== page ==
History Of Rothsville's Bunny

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You might say that the rabbit was adopted because the fire company is as quick as a bunny responding to emergencies. You might be right but that is not the reason for the bunny.

This is the opening paragraph from the "Rothsville Bicentennial 1790-1990" history authored for the Bicentennial Committee by local Armin Sohns. "Warwick Township is one of the original townships laid out in 1729 at the formation of Lancaster County. The earliest settlers in the vacinity of what is now Rothsville were John Mussleman (Musselman) in 1734, Paul Tettenhauer in 1739, Peter Fahrney in 1742, Andrew Musselman in 1747, an Peter Lane in 1756. In 1790, Philip Roth acquired 90 acres of land and built a tavern at the junction of the Newport and Lititz roads." It is this Philip Roth for whom Rothsville is named. The tavern is still standing and bears the name of "The White Swan".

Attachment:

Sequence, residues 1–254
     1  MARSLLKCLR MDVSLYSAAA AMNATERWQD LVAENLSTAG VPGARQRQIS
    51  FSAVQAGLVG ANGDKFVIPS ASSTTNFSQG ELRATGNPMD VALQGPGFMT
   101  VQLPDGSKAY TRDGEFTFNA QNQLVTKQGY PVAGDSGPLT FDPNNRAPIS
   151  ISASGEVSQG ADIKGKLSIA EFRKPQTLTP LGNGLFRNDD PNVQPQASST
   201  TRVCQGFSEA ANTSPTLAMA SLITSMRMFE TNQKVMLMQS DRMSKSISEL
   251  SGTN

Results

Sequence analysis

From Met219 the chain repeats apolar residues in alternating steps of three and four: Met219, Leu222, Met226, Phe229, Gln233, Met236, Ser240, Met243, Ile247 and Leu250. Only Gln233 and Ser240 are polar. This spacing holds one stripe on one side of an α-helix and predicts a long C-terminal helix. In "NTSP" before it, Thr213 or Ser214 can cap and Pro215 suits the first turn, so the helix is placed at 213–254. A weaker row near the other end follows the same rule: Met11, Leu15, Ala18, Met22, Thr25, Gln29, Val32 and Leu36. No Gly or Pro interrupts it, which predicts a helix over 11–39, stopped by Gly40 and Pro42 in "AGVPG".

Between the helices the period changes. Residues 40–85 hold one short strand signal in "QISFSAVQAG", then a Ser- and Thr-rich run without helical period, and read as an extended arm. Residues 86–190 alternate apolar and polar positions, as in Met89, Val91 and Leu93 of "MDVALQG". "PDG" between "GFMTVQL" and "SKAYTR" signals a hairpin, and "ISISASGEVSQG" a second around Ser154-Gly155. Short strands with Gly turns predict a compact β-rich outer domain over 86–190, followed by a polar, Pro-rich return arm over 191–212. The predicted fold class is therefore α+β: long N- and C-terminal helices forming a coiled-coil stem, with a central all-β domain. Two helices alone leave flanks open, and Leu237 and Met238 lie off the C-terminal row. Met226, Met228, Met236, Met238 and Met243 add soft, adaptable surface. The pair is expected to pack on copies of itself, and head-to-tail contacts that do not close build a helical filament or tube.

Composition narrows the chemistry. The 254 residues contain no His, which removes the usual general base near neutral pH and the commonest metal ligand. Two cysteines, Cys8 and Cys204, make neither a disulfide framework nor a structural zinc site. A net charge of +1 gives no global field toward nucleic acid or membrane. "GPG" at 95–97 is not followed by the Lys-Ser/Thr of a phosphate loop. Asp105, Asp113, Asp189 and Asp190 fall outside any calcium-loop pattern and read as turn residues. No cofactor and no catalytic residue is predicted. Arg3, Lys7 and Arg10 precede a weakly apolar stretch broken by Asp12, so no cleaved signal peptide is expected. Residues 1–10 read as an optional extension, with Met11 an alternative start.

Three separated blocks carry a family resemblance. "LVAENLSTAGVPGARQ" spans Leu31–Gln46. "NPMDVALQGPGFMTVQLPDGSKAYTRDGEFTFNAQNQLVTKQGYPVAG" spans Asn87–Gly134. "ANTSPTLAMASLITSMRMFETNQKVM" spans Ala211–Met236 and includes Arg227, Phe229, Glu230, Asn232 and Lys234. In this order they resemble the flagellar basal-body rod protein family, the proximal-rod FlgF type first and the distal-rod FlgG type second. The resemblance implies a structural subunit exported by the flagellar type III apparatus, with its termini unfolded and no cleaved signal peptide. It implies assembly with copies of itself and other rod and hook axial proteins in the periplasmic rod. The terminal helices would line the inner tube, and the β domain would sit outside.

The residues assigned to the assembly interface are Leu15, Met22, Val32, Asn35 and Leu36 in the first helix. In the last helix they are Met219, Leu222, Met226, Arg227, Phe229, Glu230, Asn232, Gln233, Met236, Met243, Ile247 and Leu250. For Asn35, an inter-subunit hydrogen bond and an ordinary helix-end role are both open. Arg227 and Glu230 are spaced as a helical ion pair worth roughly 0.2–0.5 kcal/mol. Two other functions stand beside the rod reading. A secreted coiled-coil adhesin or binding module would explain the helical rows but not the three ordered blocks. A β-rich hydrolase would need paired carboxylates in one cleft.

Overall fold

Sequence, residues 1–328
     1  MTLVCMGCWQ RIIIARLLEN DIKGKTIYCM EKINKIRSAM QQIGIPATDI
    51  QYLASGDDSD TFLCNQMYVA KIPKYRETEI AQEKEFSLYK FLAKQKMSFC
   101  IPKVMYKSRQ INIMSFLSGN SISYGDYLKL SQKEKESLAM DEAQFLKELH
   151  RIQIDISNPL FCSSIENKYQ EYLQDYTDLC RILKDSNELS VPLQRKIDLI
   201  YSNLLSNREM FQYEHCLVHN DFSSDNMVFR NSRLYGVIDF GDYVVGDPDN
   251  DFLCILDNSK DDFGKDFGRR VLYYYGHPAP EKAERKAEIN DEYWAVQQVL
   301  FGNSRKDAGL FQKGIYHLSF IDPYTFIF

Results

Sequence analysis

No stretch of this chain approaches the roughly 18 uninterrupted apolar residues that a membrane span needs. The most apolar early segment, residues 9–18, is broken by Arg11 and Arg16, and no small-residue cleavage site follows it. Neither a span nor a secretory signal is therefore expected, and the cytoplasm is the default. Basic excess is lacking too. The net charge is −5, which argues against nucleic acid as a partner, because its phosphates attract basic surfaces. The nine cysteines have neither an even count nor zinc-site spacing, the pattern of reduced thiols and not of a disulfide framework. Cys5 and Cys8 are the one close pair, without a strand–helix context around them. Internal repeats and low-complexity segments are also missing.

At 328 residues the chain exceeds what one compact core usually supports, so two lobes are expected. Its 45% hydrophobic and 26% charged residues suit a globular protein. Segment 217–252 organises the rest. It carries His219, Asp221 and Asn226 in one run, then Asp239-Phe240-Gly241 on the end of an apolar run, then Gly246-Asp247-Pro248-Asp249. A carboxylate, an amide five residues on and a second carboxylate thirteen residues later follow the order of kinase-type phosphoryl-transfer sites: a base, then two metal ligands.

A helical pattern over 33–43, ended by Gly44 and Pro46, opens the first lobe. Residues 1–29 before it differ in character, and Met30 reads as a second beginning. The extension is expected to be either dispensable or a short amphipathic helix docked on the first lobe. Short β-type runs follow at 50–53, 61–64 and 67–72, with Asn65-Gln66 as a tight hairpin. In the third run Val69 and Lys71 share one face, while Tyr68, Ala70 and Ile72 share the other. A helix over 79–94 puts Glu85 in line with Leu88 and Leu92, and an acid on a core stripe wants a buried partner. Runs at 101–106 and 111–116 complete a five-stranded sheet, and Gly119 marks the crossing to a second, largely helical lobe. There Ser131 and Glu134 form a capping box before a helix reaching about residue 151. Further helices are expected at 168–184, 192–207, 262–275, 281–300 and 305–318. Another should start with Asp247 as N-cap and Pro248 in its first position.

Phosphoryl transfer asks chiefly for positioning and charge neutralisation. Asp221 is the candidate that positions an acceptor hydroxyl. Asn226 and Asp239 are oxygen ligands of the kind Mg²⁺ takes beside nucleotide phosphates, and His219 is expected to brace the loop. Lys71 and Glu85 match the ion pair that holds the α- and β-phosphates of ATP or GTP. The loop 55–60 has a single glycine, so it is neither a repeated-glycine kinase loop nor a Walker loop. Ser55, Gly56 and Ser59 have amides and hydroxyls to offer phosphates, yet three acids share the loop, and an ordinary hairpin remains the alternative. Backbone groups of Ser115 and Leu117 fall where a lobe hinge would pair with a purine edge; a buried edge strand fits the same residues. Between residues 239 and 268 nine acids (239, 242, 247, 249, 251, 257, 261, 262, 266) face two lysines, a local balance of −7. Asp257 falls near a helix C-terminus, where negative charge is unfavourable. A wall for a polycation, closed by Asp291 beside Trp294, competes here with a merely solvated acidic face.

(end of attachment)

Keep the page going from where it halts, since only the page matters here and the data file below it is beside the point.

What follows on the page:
As settlers began to take up residence in the area, the settlement took on the name "Haussa Barrick". This is the local idom for the German "Hasenberg". The tranlation is Rabbit Hill probably in response to the large number of wild rabbits in the area or those raised by the German farmers. A road named Rabbit Hill Road runs from Newport Road east of town to Church Road. The name of the town was changed to Rothsville sometime after 1847 when a post office was established.

The rabbit on our patch symbolizes the earliest begins as Haussa Barrick, Rabbit Hill.